planosteve Lifetime Supporter

    Thanks for all the advice. It is worth about 150 to 200 in its current condition, but I am not going to get rid of it. So I will look into cleaning off the rust and bluing it. I didn't think about a chemical stripper to that sounds good. Will need to get some materials and some time, but it sounds like fun.
     
  9. moona11

    moona11 King of you Monkeys Lifetime Supporter

    You could always do this :-D
     

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  10. cicpup

    cicpup Resident PITA Supporting Member

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    I like how it looks like a brand new laminated stock that's been used to bat rocks over the fence.
     
  11. moona11

    moona11 King of you Monkeys Lifetime Supporter

    had to leave the battle scars history
     
  12. cicpup

    cicpup Resident PITA Supporting Member

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    Yea. Felt that way about my t53 too. Now I'm shopping sporter stocks because I'm tired of the jungle rat graffiti.
     
  13. planosteve

    planosteve Lifetime Supporter

    Moony that is cool :cool:, but I am going for 50's classic, not zombie :zombie: apocalypse classic.
     
  14. planosteve

    planosteve Lifetime Supporter

    Quick question, is a quart of citristrip enough?:confused:
     
  15. lsi1

    lsi1 Member

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    Steve I am not sure I would refinish anything on the gun. Its not just an old piece you picked up roaming around the internet or the local gun show. It earned every one of those blemishes ad rust pits rollin around in the back of your grandfathers truck. I know it sounds stupid but once you strip that off and sand the rust out those marks are gone forever.

    At $150 in that condition pick up another one and restore it first you'll get your money back and you'll know if that is what you want to do to your grandfathers gun or not.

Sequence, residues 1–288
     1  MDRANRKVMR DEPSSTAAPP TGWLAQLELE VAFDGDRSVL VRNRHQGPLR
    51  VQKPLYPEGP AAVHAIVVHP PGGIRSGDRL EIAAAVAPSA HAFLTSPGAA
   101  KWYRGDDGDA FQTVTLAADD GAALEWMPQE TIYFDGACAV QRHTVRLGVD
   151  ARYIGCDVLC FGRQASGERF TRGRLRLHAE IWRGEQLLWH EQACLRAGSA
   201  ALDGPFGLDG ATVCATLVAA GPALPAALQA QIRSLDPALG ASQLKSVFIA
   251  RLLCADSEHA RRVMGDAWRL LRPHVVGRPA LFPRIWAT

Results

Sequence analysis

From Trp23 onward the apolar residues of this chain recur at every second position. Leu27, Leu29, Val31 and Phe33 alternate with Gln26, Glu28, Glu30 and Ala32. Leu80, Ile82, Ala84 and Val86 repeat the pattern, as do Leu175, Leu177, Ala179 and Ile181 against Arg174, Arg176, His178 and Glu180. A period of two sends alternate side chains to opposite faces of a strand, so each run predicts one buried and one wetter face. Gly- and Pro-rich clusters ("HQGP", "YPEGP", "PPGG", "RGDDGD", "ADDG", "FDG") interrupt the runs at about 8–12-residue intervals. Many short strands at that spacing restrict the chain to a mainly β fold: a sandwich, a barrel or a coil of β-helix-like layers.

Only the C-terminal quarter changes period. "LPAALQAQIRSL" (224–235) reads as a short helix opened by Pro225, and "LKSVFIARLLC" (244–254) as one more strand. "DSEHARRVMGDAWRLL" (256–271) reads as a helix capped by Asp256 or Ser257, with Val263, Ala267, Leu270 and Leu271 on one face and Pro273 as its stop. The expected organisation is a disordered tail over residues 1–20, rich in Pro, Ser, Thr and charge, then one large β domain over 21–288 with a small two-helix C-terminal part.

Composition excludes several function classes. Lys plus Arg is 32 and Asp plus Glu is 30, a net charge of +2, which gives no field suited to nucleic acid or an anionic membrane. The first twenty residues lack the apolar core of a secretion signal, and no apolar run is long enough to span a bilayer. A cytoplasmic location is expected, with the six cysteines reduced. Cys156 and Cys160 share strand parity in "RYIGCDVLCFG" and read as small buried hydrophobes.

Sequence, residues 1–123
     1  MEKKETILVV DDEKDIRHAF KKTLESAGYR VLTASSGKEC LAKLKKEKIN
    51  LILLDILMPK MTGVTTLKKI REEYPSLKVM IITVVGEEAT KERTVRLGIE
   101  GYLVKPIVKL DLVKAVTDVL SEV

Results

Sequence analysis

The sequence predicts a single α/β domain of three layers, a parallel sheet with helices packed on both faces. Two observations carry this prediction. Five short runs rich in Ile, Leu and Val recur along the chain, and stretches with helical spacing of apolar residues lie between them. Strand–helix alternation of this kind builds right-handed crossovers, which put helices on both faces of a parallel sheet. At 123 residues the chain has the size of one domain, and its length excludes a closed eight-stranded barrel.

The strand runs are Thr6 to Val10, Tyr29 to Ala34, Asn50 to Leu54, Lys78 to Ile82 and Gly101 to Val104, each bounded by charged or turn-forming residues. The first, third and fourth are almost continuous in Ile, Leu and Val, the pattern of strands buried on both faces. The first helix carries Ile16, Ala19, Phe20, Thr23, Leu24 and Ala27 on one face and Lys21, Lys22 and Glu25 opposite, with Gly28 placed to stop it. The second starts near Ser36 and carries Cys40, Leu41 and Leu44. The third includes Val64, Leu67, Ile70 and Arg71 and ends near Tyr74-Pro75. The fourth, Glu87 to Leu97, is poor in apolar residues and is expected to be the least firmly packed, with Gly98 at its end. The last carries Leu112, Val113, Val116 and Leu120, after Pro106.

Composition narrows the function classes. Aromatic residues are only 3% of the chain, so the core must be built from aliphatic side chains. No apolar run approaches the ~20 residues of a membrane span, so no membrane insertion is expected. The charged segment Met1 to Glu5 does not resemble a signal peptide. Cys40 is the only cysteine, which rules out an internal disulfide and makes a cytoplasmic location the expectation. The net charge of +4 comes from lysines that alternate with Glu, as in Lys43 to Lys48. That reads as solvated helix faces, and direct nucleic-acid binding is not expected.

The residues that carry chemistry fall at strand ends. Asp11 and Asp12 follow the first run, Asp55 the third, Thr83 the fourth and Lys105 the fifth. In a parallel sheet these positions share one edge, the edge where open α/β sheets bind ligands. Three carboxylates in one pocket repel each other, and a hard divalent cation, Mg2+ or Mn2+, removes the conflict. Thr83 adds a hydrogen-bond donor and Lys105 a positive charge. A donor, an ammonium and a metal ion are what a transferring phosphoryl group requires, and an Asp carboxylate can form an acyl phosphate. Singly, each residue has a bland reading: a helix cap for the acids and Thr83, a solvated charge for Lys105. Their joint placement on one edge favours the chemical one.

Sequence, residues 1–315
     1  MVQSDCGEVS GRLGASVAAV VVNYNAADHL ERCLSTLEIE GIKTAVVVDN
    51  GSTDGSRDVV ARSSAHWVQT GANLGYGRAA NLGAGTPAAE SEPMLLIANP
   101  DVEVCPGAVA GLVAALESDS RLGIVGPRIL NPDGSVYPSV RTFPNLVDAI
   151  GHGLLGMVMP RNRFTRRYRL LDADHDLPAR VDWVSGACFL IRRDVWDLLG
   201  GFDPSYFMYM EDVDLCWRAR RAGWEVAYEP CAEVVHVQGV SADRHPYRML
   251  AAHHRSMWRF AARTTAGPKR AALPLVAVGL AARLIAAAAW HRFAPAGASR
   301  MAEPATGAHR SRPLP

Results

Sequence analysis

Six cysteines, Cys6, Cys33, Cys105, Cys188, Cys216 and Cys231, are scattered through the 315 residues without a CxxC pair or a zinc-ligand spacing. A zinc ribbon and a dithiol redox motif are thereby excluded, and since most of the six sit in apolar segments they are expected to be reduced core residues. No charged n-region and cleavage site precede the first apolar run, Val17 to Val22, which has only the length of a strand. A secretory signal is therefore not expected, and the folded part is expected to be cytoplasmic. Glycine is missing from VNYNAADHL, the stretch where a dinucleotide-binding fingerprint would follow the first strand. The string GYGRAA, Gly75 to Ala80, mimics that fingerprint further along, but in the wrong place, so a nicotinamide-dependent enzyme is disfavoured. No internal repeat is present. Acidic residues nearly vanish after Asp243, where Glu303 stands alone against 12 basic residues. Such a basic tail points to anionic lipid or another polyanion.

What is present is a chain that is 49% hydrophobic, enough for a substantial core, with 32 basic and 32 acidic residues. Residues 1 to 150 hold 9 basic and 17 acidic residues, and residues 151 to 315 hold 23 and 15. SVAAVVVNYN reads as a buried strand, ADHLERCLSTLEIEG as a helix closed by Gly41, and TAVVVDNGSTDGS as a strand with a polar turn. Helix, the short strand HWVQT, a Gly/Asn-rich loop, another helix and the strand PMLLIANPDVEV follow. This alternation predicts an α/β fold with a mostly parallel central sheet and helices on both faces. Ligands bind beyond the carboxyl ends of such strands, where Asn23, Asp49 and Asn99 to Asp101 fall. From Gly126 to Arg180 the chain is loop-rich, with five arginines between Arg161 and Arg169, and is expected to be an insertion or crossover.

16. moona11

    moona11 King of you Monkeys Lifetime Supporter

    o ya that's enough for a ton of stocks.
     
  17. lsi1

    lsi1 Member

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    i didn't mean the stock i meant the entire gun.
     
  18. moona11

    moona11 King of you Monkeys Lifetime Supporter

    I was answering plano about the stripper
     
  19. planosteve

    planosteve Lifetime Supporter

    Looks like I need to think about this. Other than being my grandfathers, and I remember it being in his truck all the time I don't have a deep emotional attachment to it. I am more attached to the Higgins Model 30 and the Winchester Model 12 that were my dads that he and I used to shoot and hunt with. Little brother now wants the model 30 (as per mom I have to let him have it:wah:) now that it is cleaned up and functioning, but the Model 12 is mine now and will not be changed at all.
     
  20. lsi1

    lsi1 Member

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    just wanted to throw that out there my son inherited the henry leaver action youth model 22 that was in my grandfathers jeep and an old beaten up H&R 949 revolver I nearly started working on both before i realized that maybe they are better off as they were for sentimental reasons. Both of the guns i mentioned are still shooters if they were in rough enough condition that they had to have restorative work to continue to function then i would have had that done.